Obviously the example described is very basic and it works mainly with the project I created, but it is useful to know also how you could expand this example:

  1. AWS Lambda functions accept arguments passed when we trigger them, therefore potentially you could upload your project files in S3 and trigger the Lambda function directly after the upload.
    In fact Lambda can be triggered by several cloud software in AWS like DynamoDB, SNS and so on; S3 is present in the list.
  2. In order to expose the Lambda externally you will need to connect it via API Gateway, another tool provided by AWS.
    In the example I shared above I configured API Gateway to trigger my Lambda function when someone is calling a specific URL.
  3. The fastest way, and my personal recommendation, to work with AWS Lambda is via a CLI tool like Serverless Framework, you won’t need to configure manually API Gateway and your Lambda environment because Serverless Framework will provide a boilerplate to work with.
    On top of that it will allow you to test your Lambda functions locally without uploading them every time on AWS.
    There are many other CLI tools available but at the moment Serverless is the most complete and documented with a large community behind it.
  4. Recently Amazon added the possibility to set environment variables for Lambda functions, therefore if your project requires them you will have the possibility to configure easily via AWS console or inside Serverless framework configuration file.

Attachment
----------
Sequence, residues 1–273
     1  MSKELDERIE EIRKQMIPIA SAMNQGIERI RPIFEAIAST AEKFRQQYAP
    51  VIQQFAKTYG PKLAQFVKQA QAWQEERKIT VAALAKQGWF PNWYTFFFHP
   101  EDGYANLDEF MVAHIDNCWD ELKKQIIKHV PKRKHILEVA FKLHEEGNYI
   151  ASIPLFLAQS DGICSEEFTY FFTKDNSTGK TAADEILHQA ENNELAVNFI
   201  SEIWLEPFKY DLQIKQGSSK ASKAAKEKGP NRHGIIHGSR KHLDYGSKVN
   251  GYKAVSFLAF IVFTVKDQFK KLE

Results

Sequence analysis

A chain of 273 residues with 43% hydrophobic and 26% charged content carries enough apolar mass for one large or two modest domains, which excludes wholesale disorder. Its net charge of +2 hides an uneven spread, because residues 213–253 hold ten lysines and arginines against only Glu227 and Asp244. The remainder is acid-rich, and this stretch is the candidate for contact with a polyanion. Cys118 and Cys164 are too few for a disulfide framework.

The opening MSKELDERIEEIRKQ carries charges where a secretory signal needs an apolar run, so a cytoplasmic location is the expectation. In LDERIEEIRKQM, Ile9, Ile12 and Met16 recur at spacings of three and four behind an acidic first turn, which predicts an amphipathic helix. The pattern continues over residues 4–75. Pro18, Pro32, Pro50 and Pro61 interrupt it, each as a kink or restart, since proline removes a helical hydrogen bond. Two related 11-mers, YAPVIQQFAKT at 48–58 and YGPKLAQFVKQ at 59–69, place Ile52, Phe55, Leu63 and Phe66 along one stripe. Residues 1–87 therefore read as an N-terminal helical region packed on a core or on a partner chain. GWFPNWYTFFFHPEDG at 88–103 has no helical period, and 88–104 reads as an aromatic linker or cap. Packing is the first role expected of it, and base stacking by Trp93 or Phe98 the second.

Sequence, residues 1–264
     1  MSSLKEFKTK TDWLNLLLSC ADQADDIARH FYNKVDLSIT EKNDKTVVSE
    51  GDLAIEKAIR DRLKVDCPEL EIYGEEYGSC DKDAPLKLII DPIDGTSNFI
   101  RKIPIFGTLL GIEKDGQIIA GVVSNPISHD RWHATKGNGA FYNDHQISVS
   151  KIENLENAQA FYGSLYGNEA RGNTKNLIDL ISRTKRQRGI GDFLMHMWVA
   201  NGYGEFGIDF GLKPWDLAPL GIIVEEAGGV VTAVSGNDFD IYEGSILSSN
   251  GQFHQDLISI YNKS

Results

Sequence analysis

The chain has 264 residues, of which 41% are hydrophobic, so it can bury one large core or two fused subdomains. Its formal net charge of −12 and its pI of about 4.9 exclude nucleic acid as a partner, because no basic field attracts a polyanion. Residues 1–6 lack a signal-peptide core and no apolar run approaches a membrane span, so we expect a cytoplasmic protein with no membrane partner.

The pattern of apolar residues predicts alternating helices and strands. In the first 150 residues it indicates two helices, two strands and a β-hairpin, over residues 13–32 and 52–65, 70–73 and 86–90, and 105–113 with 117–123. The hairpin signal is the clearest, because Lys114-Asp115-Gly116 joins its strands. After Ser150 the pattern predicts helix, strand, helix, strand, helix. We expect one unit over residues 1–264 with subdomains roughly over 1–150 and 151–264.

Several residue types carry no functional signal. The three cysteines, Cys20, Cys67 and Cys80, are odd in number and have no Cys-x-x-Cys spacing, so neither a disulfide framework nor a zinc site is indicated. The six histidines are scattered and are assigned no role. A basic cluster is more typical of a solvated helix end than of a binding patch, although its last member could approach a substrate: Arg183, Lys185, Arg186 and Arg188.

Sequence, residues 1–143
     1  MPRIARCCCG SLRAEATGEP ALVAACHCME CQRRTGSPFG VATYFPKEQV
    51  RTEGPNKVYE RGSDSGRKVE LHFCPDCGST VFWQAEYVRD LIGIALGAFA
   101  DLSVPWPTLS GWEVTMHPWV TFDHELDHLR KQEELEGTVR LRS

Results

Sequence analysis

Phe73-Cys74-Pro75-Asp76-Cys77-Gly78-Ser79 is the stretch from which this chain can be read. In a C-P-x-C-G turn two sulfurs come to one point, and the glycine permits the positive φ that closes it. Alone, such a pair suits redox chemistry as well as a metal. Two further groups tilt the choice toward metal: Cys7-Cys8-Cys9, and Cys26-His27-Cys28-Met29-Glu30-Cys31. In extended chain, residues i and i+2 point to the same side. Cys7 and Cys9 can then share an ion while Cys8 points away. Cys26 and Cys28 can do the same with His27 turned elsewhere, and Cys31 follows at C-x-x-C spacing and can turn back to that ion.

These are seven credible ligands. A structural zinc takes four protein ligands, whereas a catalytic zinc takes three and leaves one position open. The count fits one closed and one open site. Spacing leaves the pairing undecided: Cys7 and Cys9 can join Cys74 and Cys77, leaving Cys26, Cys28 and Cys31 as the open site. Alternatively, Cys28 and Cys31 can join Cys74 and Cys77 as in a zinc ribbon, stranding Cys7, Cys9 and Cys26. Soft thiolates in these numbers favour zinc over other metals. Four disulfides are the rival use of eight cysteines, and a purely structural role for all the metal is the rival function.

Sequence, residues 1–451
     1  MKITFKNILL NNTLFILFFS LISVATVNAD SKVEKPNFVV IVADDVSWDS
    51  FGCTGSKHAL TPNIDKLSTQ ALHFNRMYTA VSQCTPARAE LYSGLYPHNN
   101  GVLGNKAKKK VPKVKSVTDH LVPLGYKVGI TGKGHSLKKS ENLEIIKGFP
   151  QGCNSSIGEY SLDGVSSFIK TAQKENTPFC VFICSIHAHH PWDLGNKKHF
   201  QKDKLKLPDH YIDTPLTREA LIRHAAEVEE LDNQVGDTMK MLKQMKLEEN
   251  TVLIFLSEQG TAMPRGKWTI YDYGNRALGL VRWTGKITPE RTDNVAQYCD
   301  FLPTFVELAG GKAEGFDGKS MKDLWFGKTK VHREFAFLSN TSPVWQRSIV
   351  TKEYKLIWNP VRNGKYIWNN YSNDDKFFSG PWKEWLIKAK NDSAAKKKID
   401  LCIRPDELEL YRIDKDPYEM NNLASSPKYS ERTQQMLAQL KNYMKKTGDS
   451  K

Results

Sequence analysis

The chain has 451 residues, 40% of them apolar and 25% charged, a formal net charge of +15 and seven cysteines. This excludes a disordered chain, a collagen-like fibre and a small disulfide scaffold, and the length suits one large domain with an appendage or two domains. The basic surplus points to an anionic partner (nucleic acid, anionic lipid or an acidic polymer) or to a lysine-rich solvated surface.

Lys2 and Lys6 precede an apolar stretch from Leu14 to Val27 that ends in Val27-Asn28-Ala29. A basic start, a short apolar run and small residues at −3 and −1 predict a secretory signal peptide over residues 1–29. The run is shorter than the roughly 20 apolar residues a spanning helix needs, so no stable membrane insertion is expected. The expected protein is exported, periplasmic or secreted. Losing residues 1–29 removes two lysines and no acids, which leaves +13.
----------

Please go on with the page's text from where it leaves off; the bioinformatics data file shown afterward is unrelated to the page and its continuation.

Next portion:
5. If you don’t want to upload a CLI tool with the node_modules folder, you can create an executable with all static dependencies and upload just that file inside the ZIP file.
    For Node I found a tool that works pretty well with Webpack and NPM called EncloseJS.
  6. Remember to not abuse the power of the serverless ecosystem but understand the pros and the cons before starting using it because in some cases it’s definitely not the right choice
  7. An important consideration of the combination API Gateway + Lambda is that could work with HTTP2 protocol out of the box and you can use Cloudfront to cache your responses (also if they are dynamic) with just few configurations to set in the API Gateway console.
  8. With Lambda you pay just what you use, therefore if you use it for cron services, automation pipelines, triggering databse backup operations or similar, you could end up savings quite few dollars compare to an EC2 instance.